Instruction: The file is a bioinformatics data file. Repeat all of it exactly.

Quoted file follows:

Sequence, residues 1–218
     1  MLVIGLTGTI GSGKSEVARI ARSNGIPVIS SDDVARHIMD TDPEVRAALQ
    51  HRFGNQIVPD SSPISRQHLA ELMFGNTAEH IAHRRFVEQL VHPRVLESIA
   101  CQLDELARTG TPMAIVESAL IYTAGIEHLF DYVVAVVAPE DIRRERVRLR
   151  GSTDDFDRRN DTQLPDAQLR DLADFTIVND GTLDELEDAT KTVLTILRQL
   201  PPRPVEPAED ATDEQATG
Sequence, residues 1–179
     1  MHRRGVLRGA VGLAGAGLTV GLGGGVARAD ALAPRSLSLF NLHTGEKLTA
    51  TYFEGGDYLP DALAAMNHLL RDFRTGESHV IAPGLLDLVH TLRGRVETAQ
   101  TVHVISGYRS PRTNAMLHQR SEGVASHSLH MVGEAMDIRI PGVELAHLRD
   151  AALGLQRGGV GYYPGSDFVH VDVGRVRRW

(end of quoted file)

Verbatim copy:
Sequence, residues 1–218
     1  MLVIGLTGTI GSGKSEVARI ARSNGIPVIS SDDVARHIMD TDPEVRAALQ
    51  HRFGNQIVPD SSPISRQHLA ELMFGNTAEH IAHRRFVEQL VHPRVLESIA
   101  CQLDELARTG TPMAIVESAL IYTAGIEHLF DYVVAVVAPE DIRRERVRLR
   151  GSTDDFDRRN DTQLPDAQLR DLADFTIVND GTLDELEDAT KTVLTILRQL
   201  PPRPVEPAED ATDEQATG
Sequence, residues 1–179
     1  MHRRGVLRGA VGLAGAGLTV GLGGGVARAD ALAPRSLSLF NLHTGEKLTA
    51  TYFEGGDYLP DALAAMNHLL RDFRTGESHV IAPGLLDLVH TLRGRVETAQ
   101  TVHVISGYRS PRTNAMLHQR SEGVASHSLH MVGEAMDIRI PGVELAHLRD
   151  AALGLQRGGV GYYPGSDFVH VDVGRVRRW